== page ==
Sample Undergraduate HRM Essay

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Reflective Paper- Human Resource Management


Human resource management (HRM) is a designed function to maximize employees’ performance in an organization according to the organizational objectives (Torrington et al., 2007). The human resource unit is usually responsible for activities such as recruitment of employees, training, rewarding, and also performance management.

The department is also accountable for guaranteeing that the organization’s activities align with the government’s standards, regulations, and laws (Abdullah et al., 2009). When recruiting new staff into the organization, the HRM department requires several strategic points to recruit staff with the skills and specifications to help attain the set staffing goals.

Some of these factors include quality of the required workforce, cost of unfilled jobs, availability of labor, highly skilled applicants attracted by the proper advertisement of the job opportunities, employment ‘branding’ and image, and practicing internet recruiting.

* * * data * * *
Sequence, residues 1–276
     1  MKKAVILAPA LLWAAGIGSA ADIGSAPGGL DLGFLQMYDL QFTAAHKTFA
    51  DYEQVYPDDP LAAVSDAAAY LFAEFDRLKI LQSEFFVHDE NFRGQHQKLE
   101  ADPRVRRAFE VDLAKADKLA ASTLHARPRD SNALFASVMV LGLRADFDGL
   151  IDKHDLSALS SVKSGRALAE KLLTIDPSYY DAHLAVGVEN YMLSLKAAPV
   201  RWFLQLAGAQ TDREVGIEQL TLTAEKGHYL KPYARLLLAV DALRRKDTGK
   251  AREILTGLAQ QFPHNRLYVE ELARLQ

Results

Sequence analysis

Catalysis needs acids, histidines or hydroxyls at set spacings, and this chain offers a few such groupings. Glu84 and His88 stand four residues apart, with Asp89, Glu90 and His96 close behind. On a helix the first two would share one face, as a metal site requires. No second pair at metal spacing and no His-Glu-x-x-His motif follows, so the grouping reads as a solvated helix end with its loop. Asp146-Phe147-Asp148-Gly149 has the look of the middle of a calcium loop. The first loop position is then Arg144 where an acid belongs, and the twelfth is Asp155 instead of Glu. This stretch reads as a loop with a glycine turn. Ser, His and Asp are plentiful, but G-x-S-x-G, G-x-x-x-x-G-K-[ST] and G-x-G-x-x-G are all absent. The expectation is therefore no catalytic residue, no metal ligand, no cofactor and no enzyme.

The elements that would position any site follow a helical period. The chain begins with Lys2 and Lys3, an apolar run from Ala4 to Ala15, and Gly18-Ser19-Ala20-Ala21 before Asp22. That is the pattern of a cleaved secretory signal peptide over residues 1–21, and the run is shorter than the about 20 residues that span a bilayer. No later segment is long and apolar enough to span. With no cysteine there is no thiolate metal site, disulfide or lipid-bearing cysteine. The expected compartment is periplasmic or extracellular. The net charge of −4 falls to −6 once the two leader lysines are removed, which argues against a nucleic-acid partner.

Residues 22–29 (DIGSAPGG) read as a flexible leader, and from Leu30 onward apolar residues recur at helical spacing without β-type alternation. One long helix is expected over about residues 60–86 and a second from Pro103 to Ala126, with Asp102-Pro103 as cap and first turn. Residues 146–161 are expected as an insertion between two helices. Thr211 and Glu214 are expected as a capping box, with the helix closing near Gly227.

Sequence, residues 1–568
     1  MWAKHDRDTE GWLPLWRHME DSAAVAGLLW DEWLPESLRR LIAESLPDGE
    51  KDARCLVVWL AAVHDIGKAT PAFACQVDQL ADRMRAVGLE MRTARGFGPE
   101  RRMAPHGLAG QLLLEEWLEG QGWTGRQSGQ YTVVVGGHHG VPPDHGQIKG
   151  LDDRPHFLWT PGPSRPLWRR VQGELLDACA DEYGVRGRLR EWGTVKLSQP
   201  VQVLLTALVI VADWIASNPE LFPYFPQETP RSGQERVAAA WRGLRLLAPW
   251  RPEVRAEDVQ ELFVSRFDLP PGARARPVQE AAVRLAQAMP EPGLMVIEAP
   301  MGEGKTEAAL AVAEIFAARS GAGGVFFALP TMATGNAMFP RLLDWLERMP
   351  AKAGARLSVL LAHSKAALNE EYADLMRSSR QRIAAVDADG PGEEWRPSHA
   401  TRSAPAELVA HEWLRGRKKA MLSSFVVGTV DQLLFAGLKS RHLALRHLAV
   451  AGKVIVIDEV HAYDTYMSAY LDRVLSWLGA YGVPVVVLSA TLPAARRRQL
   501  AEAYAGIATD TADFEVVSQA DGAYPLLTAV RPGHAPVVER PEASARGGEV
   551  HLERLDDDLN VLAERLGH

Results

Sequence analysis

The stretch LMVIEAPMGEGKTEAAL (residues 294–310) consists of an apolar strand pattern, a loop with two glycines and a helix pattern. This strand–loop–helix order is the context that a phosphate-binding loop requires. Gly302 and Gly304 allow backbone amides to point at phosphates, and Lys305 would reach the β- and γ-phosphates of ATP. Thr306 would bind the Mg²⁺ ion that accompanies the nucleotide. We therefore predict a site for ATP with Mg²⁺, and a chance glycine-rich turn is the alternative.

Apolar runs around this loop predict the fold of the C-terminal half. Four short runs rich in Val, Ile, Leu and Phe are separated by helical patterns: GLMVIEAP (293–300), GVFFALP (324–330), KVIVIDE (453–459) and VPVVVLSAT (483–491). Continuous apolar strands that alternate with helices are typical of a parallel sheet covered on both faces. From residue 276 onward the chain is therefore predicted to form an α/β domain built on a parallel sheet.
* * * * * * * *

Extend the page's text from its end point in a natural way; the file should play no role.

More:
Several questions have been raised concerning the impact of human resource management on the performance of a firm. Some argue (Abdullah et al. 2009; Beardwell and Claydon 2010) that adopting a strategic HRM will help develop unique practices and satisfy employees. Some have argued that strategic HRM can help firms gain an advantage over their competitors.

Other companies view human resource as a dark bureaucratic force that blindly implements nonsensical rules, opposes creativity, and hinder constructive change.

Issues in Human Resource Management

The HR department’s problem in almost every company is the obsession with matters relating to the employee’s pay and watching of rules and regulations (Vermeeren et al. 2008).